A company that registers domain names has been ordered to pay a nearly $2 million fine for sending over 300,000 unsolicited and misleading emails about its domain name services.
The Federal Court on Thursday hit the Domain Name companies with a $1.95 million fine for violating the Australian Consumer Law, and restrained the companies from sending similar unsolicited emails for three years.
Company director Steven Bell was also enjoined from sending similar unsolicited email for a five-year period, banned from managing corporations for five years, and ordered to pay $8,000 towards the ACCC’s costs.
“The ACCC alleges that because these notices looked like they were renewal invoices, many businesses paid them thinking they were simply renewing the domain name for their business. The ACCC is alleging that the businesses were instead unwittingly signing up for a new domain name ending in either a .net.au or .com suffix that the business might not have needed or wanted,” ACCC Deputy Chair Dr Michael Schaper said when the case was brought.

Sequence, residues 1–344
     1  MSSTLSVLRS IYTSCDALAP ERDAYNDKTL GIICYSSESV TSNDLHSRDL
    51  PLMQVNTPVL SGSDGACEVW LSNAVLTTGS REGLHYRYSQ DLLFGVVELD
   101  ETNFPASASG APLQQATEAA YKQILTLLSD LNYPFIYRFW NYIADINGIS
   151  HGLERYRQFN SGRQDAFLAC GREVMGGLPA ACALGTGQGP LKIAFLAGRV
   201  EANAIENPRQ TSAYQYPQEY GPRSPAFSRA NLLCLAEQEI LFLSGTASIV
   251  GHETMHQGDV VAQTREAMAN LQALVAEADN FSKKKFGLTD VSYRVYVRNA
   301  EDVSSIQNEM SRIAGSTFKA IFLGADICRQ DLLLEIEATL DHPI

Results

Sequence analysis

“It is alleged that the notices sent out by the Domain Companies offered domain names that looked very similar to the business’s current domain name. This detail and the fine print disclaimer were easily missed.”
“The ACCC believes that Australian businesses and organisations paid approximately $2.3 million to the Domain Companies as a result of receiving the notices,” Dr Schaper said.
The ACCC was represented by Norton Rose Fulbright. Domain Name Corp was represented by Dfg Legal.
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